Hydropower keeps power affordable

As a Vera Water and Power customer, you are benefiting from hydropower generated by dams on the Columbia and Snake Rivers. These dams produce low-cost, reliable, carbon-free electricity, and provide numerous benefits beyond just electricity generation, including economic, recreational, agricultural, navigational, and environmental benefits.

In fact, hydropower is not only the largest clean energy source in the Pacific Northwest, but it also generates approximately two-thirds of our state’s total electricity.

There has been attention placed on breaching these dams. In recent discussions about removing the dams on the lower Snake River, Governor Inslee and US Senator Patty Murray concluded in their federal-state recommendations that breaching the dams is “not a feasible option in the near term,” given the state’s decarbonization mandates and energy affordability goals. They also emphasized that the dams cannot be breached without suitable replacement resources in place.

This spring, Washington legislators approved two new studies to examine the requirements to replace the electricity and transportation infrastructure provided by the lower Snake River dams. Utility organizations, including Vera Water and Power, played an active role in ensuring that these studies included an examination of carbon, cost, and grid reliability impacts.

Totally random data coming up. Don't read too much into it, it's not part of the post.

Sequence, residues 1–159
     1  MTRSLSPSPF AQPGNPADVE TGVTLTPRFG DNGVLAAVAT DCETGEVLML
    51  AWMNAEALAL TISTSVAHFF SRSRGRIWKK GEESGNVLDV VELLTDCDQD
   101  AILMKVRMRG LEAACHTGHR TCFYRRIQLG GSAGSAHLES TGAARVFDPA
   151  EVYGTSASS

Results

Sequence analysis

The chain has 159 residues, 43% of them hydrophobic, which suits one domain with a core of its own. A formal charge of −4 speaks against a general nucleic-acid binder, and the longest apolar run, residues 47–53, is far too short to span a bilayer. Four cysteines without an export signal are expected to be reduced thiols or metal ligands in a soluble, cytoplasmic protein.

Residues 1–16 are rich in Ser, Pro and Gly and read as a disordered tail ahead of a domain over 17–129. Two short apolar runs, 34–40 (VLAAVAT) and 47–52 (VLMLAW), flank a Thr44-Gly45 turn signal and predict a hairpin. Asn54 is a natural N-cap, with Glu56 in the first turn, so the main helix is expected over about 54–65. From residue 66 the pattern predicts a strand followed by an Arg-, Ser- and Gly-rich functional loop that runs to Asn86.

The Pacific Northwest is a leader in renewable energy and has set a goal to rely only on carbon-free power by 2045. The affordable and reliable carbon-free energy from hydropower dams produces 80 percent of the region’s renewable electricity and plays a vital role in fighting climate change.

However, it’s important to note that salmon are also an essential part of the Pacific Northwest’s environment and culture, especially for Native American tribes in the region. Major upgrades in fish passage facilities have resulted in fish survival rates through every federal dam being between 95% and 98%. These efforts ensure that the region’s hydropower generation does not come at the expense of the environment and its valuable resources.

In conclusion, hydropower is a critical resource for the Pacific Northwest, and the dams on the Columbia and Snake Rivers play an essential role in providing reliable, affordable, and clean energy to our district and to the region. While discussions about the future of the lower Snake River dams continue, it’s clear that replacing the electricity and transportation infrastructure they provide will require careful consideration of carbon, cost, and grid reliability impacts. Nevertheless, hydropower will remain a valuable energy resource and an essential tool in the fight against climate change.

Presented in collaboration with Northwest RiverPartners. Northwest RiverPartners (NWRP) is a not-for-profit, member-driven organization. They represent not-for-profit, community-owned utilities including Vera Water and Power across Washington, Oregon, Idaho, Montana, Wyoming, and Nevada. They also proudly represent farmers, ports, and businesses across the region that support clean energy and low-carbon transportation.  NWRP is focused on raising awareness about how the Northwest’s hydropower system betters communities and the natural environment, and they encourage science-based solutions that help hydropower and salmon coexist and thrive.